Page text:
LONDON: Almost two-thirds (63%) of UK consumers enjoy coming across useful or interesting content when browsing online, but most are unaware that their online experiences are often limited by social media and search preference algorithms.
That is according to a poll of 1,000 adults conducted by media agency the7stars and Newsworks, the marketing body for UK national newspapers, which sought to understand how brands should best navigate a digital environment where algorithms create "artificial information filter bubbles around individuals".
A filter bubble is an algorithm that selects information a user might want to see based on their online activity, such as search history, yet the survey found that 82% of UK consumers have never heard of the term.
What's more, around two-thirds (64%) are unaware that Google search results are personalised, while a similar proportion (65%) disagree that the news they see on Facebook is matched to their personal profiles.
"This study reveals there is a huge opportunity for brands and media owners if they pop people's filter bubbles in a way that is sophisticated," said Helen Rose, Head of Insights at the7stars.
"It shows just how complex the digital world shaped by preferences, ad blocking and algorithms has become – consumers do not mind a curated information experience so long as that is done with some thought; they simply want a better balance between targeted advertising and serendipity," she explained.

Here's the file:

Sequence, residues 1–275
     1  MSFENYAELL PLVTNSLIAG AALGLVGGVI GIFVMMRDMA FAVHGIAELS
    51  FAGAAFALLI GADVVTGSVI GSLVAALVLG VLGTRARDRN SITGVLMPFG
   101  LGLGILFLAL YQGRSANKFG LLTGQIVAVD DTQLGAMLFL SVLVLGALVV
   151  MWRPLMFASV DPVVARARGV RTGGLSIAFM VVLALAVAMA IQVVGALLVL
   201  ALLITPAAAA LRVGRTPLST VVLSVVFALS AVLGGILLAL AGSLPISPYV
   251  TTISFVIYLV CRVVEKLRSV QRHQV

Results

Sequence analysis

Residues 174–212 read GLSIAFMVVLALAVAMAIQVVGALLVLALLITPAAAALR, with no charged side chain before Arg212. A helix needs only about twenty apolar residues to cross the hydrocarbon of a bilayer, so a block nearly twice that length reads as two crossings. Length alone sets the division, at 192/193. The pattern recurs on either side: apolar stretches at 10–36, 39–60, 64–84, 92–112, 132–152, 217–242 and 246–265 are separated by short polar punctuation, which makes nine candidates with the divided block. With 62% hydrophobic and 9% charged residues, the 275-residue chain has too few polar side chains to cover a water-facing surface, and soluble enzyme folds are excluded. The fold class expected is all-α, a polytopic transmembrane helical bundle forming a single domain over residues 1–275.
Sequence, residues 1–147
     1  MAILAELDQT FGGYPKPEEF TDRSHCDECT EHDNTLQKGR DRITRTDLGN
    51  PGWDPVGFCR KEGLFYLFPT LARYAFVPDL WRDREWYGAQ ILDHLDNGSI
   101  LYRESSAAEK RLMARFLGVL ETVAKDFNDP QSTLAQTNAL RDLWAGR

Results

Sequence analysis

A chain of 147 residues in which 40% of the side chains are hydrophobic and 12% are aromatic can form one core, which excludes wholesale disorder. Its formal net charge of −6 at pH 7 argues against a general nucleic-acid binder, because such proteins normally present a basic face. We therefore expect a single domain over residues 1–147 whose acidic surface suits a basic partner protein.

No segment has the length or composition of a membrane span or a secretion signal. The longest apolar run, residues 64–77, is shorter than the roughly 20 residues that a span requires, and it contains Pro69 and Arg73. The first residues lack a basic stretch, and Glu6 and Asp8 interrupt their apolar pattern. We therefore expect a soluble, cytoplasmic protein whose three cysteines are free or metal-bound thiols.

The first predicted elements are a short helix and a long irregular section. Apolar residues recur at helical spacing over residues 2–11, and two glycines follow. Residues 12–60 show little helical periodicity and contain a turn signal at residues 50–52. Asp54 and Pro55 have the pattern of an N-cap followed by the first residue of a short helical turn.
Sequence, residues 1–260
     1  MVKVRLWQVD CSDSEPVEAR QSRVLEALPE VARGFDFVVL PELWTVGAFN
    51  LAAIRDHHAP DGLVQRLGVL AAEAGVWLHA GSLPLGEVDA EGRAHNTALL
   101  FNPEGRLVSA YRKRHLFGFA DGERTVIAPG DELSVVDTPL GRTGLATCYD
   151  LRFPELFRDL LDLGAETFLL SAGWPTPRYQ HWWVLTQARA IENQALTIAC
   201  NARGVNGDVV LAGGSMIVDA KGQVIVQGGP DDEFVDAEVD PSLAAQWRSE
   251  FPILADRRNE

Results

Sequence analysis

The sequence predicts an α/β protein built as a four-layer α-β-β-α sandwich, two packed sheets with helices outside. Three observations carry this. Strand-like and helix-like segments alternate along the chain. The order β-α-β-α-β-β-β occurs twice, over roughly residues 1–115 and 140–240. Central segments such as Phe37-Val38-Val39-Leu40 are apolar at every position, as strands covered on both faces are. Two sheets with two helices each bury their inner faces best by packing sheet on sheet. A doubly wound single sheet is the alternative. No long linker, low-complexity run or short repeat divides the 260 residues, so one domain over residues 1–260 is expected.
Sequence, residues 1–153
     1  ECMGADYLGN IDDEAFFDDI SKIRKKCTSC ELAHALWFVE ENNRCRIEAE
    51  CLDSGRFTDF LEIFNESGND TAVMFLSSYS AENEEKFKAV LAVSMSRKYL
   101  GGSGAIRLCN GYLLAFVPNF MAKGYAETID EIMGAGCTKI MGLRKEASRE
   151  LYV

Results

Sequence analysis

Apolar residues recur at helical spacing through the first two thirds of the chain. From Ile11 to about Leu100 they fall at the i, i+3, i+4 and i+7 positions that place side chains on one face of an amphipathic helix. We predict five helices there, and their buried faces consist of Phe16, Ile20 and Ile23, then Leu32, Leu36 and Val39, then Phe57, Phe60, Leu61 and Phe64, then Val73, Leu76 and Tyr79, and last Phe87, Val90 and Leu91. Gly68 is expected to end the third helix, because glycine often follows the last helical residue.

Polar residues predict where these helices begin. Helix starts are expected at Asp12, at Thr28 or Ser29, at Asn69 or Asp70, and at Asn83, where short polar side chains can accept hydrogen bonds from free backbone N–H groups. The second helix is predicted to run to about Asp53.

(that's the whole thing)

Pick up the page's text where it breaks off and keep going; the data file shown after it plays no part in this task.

And the survey confirmed that consumers are open to such "serendipitous" content when it comes to viewing ads that are relevant but unexpected.
In these circumstances, more consumers choose positive words such as "curious" (33%), "surprised" (27%) and "intrigued" (25%) rather than negative words such as "irritated" (18%) or "annoyed" (17%).
By contrast, when asked to choose words they associate with expected advertising based on recent searches or expressed interests, the majority of consumers choose words such as "targeted" (37%), "intrusive" (30%) and "annoying" (26%).
The survey also examined UK consumers' attitudes to news consumption with the country just five weeks away from a general election.
While 44% said they consume news offered by Facebook, 63% use TV news programmes and 77% consume print or digital newspaper brands.
When asked their preferred source of news, a third (32%) opt for print or digital newspaper brands, 25% watch TV news programmes and 9% choose Facebook.
"As we go into a general election we've found that almost half of news consumers would prefer not to have a news service filtered by an algorithm and most would prefer to discover new information and ideas,” said Denise Turner, Insight Director at Newsworks.
"It also shows that while social media is an important part in people's news diets, newsbrands are more likely to be people's first choice for news information."
Data sourced from Newsworks; additional content by WARC staff